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Second U.S. Mad Cow Case Diagnosed

A man from Great Britain has been diagnosed with the human form of mad cow disease, the second documented U.S. case of the illness, the federal Centers for Disease Control said Monday.

The man in all likelihood contracted variant Creutzfeldt-Jakob disease in the United Kingdom. But because his symptoms began while he was living in Houston, he will be listed as a U.S. case, as is customary.

"Almost certainly, this case represents a continuation of the outbreak that is going on in the United Kingdom," said Lawrence B. Schonberger, a CDC medical epidemiologist.

Earlier this year, the man returned to Great Britain, where he is receiving medical treatment for the fatal illness. He lived in Houston four years.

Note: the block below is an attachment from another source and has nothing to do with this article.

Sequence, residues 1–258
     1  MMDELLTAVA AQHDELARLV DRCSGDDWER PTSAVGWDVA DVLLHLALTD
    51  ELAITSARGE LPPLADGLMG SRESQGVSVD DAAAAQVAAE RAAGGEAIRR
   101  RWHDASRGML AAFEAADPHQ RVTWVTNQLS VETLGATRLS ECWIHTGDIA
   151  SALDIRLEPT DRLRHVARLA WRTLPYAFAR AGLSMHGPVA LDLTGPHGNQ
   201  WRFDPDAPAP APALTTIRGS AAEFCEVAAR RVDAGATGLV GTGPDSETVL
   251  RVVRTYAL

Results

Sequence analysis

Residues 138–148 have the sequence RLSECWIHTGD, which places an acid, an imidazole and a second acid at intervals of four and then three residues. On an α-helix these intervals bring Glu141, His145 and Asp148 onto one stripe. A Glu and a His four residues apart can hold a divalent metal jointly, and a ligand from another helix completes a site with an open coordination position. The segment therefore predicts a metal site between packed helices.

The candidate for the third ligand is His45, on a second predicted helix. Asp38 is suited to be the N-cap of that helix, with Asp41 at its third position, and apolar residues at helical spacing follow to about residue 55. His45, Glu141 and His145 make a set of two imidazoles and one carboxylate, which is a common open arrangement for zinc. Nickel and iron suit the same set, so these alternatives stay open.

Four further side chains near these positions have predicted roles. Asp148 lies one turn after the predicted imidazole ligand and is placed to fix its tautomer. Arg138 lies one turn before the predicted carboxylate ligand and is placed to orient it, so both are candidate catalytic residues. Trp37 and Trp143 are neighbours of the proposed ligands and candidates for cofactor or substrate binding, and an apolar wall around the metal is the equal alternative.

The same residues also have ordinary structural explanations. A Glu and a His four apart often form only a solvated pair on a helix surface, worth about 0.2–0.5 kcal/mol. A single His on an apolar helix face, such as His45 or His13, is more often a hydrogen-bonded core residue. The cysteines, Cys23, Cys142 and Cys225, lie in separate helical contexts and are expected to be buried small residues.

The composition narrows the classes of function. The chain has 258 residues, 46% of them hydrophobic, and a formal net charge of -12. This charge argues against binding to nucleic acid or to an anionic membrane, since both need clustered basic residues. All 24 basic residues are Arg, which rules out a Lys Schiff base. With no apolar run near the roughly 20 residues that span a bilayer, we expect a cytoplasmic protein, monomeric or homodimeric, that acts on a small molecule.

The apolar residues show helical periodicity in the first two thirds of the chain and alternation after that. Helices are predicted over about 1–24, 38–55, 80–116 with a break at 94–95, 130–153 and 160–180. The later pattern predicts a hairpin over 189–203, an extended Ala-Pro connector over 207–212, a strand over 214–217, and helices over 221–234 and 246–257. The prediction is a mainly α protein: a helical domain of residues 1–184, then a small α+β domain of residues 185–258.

The disease is contracted by eating the brain or other nervous system tissue of an animal infected with bovine spongiform encephalopathy, more commonly known as mad cow disease.

The initial U.S. case involved a woman from Great Britain who was living in Florida. She died last year, Schonberger said. She too was believed to have contracted the disease in Britain.

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